Daily Archives: 14th June 2019

Strengthening the wellbeing of market towns in the Rural North and Borderlands of England and Scotland

A seminar to debate new initiatives to create social and economic growth

THIS SEMINAR IS NOW FULLY BOOKED

A seminar organised by the Institute for Local Governance, (ILG). It will take place at the Beaumont Hotel, Hexham, Wednesday 10th July 2019, from 1.00 – 4.00 p.m.

Town centres have been under the spotlight recently as the economic viability of high streets have been put under intense pressure due to the changing patterns of consumer demand and behaviour, the consequences of online shopping for retail outlets and the pressures of business rates.

However, town centres invariably offer a wider range of opportunities in public service provision, leisure activities, events, socialising opportunities etc. But they are more than just hubs for such activity, they also represent a focal point for economic development and civic pride – they tell us something about local culture, our sense of place and about who we are. In the rural borderlands or England and Scotland, economic and social pressures may have been compounded by their relative isolation for major urban centres.

Often it is felt that market towns face a kind of double jeopardy because they are relatively small and isolated from key decision making centres. At one time many market towns were dependent for their economic wellbeing on agriculture and related rural businesses and services. But now, new sectors and enterprises are emerging, some of which can compete at a national or even international level utilising information and communications technology and able to recruit skilled workers and professionals attracted by the quality of life and local environment.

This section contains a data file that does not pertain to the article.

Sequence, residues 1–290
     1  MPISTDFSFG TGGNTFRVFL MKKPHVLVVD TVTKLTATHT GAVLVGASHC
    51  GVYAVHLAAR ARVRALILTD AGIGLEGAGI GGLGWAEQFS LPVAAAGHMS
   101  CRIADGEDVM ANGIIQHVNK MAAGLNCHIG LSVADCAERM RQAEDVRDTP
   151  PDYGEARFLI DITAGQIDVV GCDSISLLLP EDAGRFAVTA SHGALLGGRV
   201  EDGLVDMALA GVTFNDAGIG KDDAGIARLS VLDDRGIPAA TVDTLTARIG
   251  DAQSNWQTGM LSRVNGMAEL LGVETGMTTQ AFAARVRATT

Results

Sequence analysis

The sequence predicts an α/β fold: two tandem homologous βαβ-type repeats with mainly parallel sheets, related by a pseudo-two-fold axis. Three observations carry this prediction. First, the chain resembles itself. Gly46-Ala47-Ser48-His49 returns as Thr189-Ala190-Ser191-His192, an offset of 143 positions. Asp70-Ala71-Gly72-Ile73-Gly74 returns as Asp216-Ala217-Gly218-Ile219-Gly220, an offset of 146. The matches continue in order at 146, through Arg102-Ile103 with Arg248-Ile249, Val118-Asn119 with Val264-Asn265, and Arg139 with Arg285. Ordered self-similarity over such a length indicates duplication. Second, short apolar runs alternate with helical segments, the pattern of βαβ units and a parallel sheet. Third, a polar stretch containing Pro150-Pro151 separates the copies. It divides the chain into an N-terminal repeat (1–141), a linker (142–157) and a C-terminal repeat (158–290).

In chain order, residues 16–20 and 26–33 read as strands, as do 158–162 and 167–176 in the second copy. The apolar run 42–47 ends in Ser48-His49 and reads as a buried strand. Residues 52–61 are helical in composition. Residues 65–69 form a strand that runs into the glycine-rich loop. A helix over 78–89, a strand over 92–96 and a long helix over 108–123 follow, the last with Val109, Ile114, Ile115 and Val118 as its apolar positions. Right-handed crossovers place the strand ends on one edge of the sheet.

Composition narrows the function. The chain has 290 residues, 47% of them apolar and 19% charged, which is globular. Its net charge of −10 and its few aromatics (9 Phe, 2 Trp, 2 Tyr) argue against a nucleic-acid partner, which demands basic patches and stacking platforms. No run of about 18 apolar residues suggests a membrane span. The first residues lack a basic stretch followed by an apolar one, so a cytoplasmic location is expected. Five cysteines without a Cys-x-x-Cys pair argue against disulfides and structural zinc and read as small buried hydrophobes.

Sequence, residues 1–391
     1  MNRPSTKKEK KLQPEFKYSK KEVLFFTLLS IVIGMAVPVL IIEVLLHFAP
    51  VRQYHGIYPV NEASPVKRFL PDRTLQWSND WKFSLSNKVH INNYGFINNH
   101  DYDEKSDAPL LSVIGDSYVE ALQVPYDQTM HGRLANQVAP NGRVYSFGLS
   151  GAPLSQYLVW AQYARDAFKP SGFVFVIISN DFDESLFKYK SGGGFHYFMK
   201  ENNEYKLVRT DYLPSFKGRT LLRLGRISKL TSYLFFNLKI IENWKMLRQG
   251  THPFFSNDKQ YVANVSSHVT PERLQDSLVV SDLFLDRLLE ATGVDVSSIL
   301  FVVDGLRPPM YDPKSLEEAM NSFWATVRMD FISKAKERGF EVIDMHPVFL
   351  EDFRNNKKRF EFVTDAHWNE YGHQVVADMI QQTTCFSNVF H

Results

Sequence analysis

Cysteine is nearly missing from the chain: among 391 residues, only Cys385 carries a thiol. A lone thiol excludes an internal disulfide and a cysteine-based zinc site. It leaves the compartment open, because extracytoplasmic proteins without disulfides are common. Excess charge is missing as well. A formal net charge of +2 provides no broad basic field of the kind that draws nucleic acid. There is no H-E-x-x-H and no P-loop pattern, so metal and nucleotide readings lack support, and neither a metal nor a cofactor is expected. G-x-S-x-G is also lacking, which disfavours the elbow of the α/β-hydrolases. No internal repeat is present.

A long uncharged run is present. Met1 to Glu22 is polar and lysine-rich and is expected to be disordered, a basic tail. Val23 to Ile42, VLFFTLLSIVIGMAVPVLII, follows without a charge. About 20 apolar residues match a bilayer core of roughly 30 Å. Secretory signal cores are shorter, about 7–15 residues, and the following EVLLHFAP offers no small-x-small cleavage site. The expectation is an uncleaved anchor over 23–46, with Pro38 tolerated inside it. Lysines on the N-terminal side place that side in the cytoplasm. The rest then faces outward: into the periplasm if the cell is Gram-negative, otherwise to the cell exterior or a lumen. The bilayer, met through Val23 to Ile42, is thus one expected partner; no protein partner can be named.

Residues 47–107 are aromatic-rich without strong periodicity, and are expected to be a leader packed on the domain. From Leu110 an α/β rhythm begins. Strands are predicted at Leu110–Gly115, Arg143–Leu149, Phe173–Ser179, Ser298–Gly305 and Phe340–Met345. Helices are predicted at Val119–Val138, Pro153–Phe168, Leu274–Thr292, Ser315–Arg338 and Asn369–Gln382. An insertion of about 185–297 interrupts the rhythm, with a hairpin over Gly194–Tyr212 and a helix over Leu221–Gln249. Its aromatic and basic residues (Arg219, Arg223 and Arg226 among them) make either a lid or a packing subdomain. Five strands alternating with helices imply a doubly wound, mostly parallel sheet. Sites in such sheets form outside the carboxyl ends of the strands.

From a policy perspective, central and local government, their agencies and financial programmes are increasingly recognising the need to support rural and coastal towns and their centres. This seminar is about more than economic vibrancy, it is also about quality of life, community development, business engagement and place making.

The seminar will be chaired by Councillor Richard Wearmouth, Cabinet Member for Economy, Northumberland County Council and introduced by Professor Mark Shucksmith, Professor of Planning, Newcastle University

Speakers will include:

Simon Hanson, Federation of Small Business: on the contribution of small business to social wellbeing and civil society.

Chris Kolek, Director, Kolek Consulting: on the process of supporting business development strategies in rural areas.

Bryan McGrath, Chief Officer, Economic Development, Scottish Borders: on town centre regeneration in the Scottish Borders.

Jonathan Wallace, Senior Director, Lichfields: on the revitalisation of town centres in North East England.

Seminar presentations are available here:

Mark Shucksmith – ILG Market Towns Seminar 10th July

Chris Kolek ILG Market Towns Seminar 10 July 2019

Bryan McGrath – ILG Market Towns Seminar 10th July

Jonathan Wallace ILG Market Towns Seminar 10th July

Simon Hanson ILG Market Towns Seminar 10th July

 

 

 

 

The Institute for Local Governance is a North East Research and Knowledge Exchange Partnership established in 2009 comprising the North East region’s Universities, Local Authorities, Police and Fire and Rescue Services. Further information about the content of the event can be obtained by contacting: – tony.chapman@durham.ac.uk or john.mawson@durham.ac.uk